Public Description of Craterellus cornucopioides (L.) Pers.

Title: Public Description (Default)
Name: Craterellus cornucopioides (L.) Pers.
View: public
Edit: public
Version: 7
Previous Version 

Descriptions: Create
 Public Description (Default) [Edit]
 Draft For Wild Mushrooms Of The Northeastern United States By Erlon (Private)

Description status: Unreviewed

Taxonomic Classification:

Domain: Eukarya
Kingdom: Fungi
Phylum: Basidiomycota
Class: Agaricomycetes
Order: Cantharellales
Family: Cantharellaceae


General Description:

“Mushroom up to 6 cm across, trumpet to funnel shaped, thin, tough, hollow; caps sometimes yellow, brown, or gray, but typically very dark brown to black, inner top surface slightly feltlike and outer surface smooth; hymenium slightly wrinkled (not ridged), ash-gray, brownish, salmon or rose-tinged, rarely yellow; stem gray, brown, or black; flesh relatively thin and tough; occasionally entire mushroom yellow with only stem base black; odor pleasant; taste mild when raw. The white spore print of Cr. cornucopioides has been used to distinguish it from the yellow/salmon-tinged spore print of Cr. fallax when they are recognized as separate species. Under the microscope: basidiospores off-round to ellipsoid, smooth, colorless, (7) 11 to 15 (20) × (5) 7 to 11 μm; clamp connections absent.”6


Diagnostic Description:

“[A] relatively distinctive mushroom not easily confused with any other, except perhaps the blue chanterelle, Polyozellus multiplex. The clustered blue chanterelle is dark blue to gray violet (instead of brown or black) and is never hollow.”6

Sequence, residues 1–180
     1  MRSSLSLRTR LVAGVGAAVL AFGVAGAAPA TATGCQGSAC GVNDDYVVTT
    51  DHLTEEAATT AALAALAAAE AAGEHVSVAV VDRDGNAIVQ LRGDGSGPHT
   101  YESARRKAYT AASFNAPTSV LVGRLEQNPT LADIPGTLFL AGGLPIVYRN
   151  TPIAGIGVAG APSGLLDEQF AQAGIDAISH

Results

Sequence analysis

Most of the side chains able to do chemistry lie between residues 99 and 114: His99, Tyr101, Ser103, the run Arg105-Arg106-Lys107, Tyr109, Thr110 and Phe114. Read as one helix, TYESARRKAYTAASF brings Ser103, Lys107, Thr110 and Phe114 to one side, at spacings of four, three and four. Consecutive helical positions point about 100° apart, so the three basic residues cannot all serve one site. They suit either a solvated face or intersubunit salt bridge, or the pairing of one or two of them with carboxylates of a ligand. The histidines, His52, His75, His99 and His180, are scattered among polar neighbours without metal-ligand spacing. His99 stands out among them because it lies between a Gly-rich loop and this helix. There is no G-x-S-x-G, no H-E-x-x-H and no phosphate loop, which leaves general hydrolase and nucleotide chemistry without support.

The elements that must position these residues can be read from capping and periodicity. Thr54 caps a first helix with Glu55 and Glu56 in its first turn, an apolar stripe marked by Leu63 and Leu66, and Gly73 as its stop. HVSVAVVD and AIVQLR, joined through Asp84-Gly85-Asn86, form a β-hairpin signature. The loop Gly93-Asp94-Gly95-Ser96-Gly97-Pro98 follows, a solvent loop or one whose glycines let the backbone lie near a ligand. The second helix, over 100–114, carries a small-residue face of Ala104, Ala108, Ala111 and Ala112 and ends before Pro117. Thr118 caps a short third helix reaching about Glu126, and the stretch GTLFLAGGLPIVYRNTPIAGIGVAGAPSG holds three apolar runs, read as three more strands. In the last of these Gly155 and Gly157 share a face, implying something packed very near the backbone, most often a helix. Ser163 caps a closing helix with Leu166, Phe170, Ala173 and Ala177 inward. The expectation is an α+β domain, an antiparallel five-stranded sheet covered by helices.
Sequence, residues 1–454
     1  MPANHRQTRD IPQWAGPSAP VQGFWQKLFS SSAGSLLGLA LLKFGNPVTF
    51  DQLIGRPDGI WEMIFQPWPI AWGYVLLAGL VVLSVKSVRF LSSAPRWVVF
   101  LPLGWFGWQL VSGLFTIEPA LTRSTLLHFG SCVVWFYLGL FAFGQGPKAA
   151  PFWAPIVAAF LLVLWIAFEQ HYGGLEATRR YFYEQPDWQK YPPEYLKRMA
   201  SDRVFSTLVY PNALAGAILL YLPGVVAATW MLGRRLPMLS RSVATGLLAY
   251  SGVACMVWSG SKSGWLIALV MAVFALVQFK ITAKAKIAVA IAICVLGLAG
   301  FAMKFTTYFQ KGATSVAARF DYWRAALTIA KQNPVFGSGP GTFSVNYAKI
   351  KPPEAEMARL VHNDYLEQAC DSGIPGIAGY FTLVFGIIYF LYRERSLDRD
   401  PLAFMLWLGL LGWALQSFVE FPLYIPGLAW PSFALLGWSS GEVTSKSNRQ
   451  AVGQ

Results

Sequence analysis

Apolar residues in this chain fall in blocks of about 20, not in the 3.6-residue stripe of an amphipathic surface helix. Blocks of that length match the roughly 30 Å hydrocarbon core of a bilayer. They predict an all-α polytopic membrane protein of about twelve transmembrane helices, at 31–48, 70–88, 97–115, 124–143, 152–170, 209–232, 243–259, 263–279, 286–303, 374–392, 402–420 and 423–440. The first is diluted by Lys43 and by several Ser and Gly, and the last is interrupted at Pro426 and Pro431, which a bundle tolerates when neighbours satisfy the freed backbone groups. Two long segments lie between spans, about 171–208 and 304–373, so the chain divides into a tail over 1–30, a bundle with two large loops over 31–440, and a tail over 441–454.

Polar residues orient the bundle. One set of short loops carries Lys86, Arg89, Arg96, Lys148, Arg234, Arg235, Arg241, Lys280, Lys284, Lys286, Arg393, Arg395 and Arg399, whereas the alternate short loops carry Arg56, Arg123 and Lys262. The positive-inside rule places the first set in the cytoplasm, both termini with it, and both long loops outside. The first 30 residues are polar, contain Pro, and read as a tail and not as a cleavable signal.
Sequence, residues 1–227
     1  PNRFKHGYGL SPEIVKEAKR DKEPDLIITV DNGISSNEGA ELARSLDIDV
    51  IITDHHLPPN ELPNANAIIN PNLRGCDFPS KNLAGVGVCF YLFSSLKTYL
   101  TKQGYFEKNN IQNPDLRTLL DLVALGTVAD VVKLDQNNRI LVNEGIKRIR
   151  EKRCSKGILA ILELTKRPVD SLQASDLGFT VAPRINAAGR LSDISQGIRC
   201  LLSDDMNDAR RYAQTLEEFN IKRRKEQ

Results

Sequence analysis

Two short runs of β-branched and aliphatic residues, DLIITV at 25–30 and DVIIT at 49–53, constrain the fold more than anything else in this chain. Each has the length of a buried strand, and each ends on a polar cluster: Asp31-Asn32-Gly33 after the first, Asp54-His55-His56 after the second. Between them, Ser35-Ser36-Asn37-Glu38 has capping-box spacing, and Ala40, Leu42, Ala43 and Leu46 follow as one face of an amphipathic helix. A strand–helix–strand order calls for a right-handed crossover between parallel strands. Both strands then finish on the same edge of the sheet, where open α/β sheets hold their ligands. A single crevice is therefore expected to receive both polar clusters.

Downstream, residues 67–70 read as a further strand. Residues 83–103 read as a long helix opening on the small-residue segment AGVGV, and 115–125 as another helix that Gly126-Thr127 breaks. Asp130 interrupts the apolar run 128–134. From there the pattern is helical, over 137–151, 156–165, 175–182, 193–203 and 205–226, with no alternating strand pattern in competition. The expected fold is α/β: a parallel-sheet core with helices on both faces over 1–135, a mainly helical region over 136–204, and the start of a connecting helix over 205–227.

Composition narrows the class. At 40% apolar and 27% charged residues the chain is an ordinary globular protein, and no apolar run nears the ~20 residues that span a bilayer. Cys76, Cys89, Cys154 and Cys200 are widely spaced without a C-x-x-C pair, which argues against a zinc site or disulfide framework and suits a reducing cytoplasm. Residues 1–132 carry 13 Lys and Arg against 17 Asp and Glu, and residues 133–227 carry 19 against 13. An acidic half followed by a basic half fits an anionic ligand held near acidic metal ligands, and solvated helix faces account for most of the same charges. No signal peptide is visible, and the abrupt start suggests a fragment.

Distribution:

North, Central, and South America, Europe, Asia, and Japan, in broadleaf forests In western North America, uncommon outside of coastal regions of central California to southern Oregon.6


Habitat:

“tend to grow in scattered groups or close clusters, often arising from a common base in humus or mineral soil. …l with coniferous and deciduous trees … .”6 “Especially common under Arbutus menziesii (madrone), but also Quercus agrifolia (ive oak) and Lithocarpus densiflorus (tanbark oak).”9


Look Alikes:
Uses:

Choice edible.1 3 6 9


References:

1 Arora, Mushrooms Demystified (Ten Speed Press 2d ed. 1986)

2 Index Fungorum

3 Kuo, M., MushroomExpert.Com

4 MycoBank

5 Persoon, C.H. Mycologia Europaea 2: 5 (1825)

6 Pilz, David; Norvell, Lorelei; Danell, Eric; Molina, Randy. 2003. Ecology and
management of commercially harvested chanterelle mushrooms. Gen. Tech. Rep.
PNW-GTR-576. Portland, OR: U.S. Department of Agriculture, Forest Service,
Pacific Northwest Research Station. 83 p.

7 Pilz, Norvell, Danell & Molina, Key to Pacific Northwest CHANTERELLES, Chanterelle-Like Mushrooms, and Look-Alikes (2003)

8 Trudell & Ammirati, Mushrooms of the Pacific Northwest (Timber Press 2009)

9 Wood & Stevens, The Fungi of California (a MykoWeb Page)


Notes:

According to MushroomExpert.com:


“Three species, Craterellus cornucopioides, Craterellus fallax, and Craterellus konradii, have been separated on the basis of geographical distribution and the color of the spore-bearing surface. Dahlman et al. synonymize all of these species, finding no significant genetic variance. The name Craterellus cornucopioides takes precedence according to the rules governing botanical names.”


C. konradii was also separated based on color (yellow/orange vs. black), but many examples have since been found of the the two color forms growing in the same cluster. See observation 2828 for an example of the yellow/orange form and observation 3449 for the eastern US form described as C. fallax.


Description author: Joseph D. Cohen (Request Authorship Credit)
Description editors: Nathan Wilson, James Baker, Erlon


Created: 2007-05-28 20:16:20 PDT (-0700) by Nathan Wilson (nathan)
Last modified: 2014-01-19 16:36:11 PST (-0800) by Joseph D. Cohen (Joseph D. Cohen)
Viewed: 699 times, last viewed: 2018-09-29 06:53:46 PDT (-0700)